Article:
Saturday, October 25, 2014

The Specials - The Specials

Welcome to another edition of Seventies Saturday.

This month marks the thirty-fifth anniversary of the self-titled debut of the Specials. This 1979 release went to number 34 in Sweden, number 21 in Canada, number 5 in New Zealand and number 4 in the UK. Here in the US, it spent twenty-one weeks on the Billboard Album chart with a top spot of 84.

The album was produced by Elvis Costello and was released on the 2 Tone label. The band consisted of Terry Hall, Neville Staple, Lynval Golding, Roddy Radiation, Jerry Dammers, Sir Horace Gentleman and John Bradbury. Guest musicians on the record included Chrissie Hynde (from the Pretenders), Rico Rodriguez and Dick Cuthell.

Side one begins with “A Message to You, Rudy”. The original version was performed in 1967 by Dandy Livingstone. Trombone player Rodriguez played on both the original and this new version. As the first single, the Specials charted at number 35 in the Netherlands, number 29 in New Zealand, number 19 in Ireland, number 10 in the UK and number 7 in Austria. The lyrics are an intervention to a troubled young man who needs to get his act together.

“Do the Dog” is an up-tempo “ska meets punk” dance song.

With “It’s Up to You”, the band presents their image and position but ultimately leaves it to the listener to decide if they are his or her cup of tea.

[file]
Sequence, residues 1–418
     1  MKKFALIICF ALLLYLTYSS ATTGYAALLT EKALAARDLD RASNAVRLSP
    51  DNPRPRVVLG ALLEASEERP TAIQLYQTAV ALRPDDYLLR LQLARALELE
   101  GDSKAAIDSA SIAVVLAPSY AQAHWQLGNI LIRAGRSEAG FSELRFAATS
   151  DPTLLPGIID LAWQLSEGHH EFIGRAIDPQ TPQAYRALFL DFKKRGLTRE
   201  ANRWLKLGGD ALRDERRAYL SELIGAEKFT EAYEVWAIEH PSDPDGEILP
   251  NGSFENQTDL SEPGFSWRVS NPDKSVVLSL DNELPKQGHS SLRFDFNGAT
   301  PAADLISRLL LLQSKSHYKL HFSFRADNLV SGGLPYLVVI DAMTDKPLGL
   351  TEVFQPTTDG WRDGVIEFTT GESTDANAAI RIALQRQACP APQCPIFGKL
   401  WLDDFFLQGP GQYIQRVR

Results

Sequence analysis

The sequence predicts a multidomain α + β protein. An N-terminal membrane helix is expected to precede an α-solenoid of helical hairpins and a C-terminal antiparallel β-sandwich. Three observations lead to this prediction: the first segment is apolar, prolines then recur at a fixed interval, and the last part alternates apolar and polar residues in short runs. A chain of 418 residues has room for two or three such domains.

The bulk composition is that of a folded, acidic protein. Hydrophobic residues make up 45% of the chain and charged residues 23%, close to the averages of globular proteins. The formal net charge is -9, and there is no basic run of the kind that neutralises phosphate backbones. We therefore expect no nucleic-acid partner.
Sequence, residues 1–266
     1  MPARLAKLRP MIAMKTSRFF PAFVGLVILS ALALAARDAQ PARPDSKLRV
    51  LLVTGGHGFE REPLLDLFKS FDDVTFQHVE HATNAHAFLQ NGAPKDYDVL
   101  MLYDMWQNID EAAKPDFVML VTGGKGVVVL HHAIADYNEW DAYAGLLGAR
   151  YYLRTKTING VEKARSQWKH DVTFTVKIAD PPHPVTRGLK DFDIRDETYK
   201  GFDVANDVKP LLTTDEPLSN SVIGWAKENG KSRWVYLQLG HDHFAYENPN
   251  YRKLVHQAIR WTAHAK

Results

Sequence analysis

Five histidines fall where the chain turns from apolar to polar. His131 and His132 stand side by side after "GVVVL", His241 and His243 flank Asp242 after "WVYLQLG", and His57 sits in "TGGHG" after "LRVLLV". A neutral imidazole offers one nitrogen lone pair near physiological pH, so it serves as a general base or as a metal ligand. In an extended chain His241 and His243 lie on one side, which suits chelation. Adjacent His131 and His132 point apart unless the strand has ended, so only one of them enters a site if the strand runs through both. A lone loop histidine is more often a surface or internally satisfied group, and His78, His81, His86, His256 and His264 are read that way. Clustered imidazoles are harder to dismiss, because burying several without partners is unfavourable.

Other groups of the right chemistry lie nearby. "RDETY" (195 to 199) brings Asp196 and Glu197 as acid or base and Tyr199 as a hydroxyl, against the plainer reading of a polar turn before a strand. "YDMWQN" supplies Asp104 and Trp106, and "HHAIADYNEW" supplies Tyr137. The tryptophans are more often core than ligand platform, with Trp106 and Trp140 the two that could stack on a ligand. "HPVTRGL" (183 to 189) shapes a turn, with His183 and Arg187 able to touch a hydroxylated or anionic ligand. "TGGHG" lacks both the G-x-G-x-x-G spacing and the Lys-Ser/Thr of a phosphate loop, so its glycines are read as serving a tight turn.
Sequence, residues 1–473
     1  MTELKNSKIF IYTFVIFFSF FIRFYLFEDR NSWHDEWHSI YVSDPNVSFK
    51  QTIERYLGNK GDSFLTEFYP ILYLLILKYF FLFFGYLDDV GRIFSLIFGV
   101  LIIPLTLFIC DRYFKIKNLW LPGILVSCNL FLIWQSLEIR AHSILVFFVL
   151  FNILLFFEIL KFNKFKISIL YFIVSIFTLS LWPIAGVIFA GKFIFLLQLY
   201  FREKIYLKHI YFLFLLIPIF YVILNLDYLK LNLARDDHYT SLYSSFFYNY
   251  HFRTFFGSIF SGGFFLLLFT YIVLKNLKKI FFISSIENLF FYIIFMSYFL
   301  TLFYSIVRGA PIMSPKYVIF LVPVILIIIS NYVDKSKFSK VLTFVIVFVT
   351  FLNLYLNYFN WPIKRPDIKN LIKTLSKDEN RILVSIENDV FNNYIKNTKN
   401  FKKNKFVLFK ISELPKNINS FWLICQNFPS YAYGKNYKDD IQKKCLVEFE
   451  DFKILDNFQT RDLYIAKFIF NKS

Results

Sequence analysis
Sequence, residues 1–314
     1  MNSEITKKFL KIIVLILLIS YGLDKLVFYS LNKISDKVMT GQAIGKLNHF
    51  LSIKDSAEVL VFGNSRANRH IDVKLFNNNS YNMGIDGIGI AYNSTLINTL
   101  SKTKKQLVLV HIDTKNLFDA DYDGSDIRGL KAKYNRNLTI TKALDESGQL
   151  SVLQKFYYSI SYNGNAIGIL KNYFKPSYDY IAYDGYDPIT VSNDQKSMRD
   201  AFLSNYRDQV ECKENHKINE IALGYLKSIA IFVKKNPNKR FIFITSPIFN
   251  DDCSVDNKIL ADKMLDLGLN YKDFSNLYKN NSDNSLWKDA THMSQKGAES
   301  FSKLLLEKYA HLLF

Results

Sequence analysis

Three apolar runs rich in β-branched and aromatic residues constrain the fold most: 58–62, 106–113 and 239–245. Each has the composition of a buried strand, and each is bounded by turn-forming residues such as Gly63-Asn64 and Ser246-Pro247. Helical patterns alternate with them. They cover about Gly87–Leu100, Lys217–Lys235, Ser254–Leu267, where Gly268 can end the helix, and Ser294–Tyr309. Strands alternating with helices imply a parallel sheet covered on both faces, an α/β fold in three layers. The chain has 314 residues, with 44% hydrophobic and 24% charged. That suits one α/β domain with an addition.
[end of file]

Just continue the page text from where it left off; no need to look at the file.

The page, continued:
“Nite Klub” was the B-side to the first single. It is like eavesdropping on a night out with the guys who are just looking for a good time.

The tempo slows down with “Doesn’t Make It Alright”, a song that reaches out to those who feel the world does not understand them.

The opening of “Concrete Jungle” is driven by a tribal drumbeat that reminds me a bit of the Ramones. The lyrics tell of the dangerous and often violent times on the streets of London.

Jamaican artist Prince Buster had a hit in 1966 with “Too Hot”; the Specials give us their own take on it.

Side two opens with up-tempo “Monkey Man”, a cover of the 1969 song by the reggae group Toots and the Maytals.

“(Dawning of a) New Era” kicks it even further into gear, with a dizzying carnival gone wild level of energy.

“Blank Expression” tells the story of a guy whose girl now feels totally indifferent to him.

“Stupid Marriage” was inspired by Prince Buster’s hit “Judge 400 Years”. The lyrics tell of a peeping Tom on trial for spying on his ex-girlfriend.

“Too Much Too Young” was based on Lloyd Charmers’ song “Birth Control”. As the second single, the song about teenaged pregnancy went to number 15 in the Netherlands, number 3 in Ireland, and number 1 in the UK. At over six minutes in length, it is the album’s longest track.

Next up is “Little Bitch”. Part of the guitar riff on the chorus brings to mind the Rolling Stones’ “Brown Sugar”.

The closing track “You’re Wondering Now” was first performed by the Skatalites from Jamaica.

My older brother owns a copy of The Specials on vinyl. He picked it up during his freshman year of college, so I likely first heard it during the spring or summer of 1980. This review is the first time I’ve heard many of the songs in a number of decades and likely the first time I have heard the record through from start to finish. For me, the album has a bit of filler. Fourteen tracks back in the 70’s was a lot to put on a single record release.

For more on the Specials, click here.

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